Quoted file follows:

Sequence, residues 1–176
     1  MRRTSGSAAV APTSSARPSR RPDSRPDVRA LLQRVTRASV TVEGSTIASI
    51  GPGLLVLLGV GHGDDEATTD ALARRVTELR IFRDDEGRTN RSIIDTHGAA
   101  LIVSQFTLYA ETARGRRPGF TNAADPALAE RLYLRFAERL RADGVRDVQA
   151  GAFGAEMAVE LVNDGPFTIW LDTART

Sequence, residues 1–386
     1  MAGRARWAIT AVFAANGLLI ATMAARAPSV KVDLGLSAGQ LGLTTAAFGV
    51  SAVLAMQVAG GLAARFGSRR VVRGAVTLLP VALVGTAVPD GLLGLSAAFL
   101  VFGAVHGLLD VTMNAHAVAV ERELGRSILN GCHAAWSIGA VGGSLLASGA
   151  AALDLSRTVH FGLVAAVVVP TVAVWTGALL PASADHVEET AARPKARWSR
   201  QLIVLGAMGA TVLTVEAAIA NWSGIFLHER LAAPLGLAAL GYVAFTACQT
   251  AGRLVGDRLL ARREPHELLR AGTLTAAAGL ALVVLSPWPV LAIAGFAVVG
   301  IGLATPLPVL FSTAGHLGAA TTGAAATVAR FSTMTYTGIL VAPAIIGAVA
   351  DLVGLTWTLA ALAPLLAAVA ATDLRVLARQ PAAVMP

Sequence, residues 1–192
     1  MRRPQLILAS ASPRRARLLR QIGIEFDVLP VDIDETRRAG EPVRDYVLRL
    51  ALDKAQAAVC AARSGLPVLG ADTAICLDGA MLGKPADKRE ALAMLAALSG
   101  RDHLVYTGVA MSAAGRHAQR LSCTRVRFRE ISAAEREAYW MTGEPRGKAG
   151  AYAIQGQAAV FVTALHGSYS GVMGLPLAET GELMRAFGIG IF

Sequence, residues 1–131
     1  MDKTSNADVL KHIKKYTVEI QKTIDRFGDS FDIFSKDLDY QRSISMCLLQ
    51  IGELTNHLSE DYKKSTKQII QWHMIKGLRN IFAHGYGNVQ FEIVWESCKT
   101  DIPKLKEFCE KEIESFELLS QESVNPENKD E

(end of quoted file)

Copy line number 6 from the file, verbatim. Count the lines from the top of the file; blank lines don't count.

Sequence, residues 1–386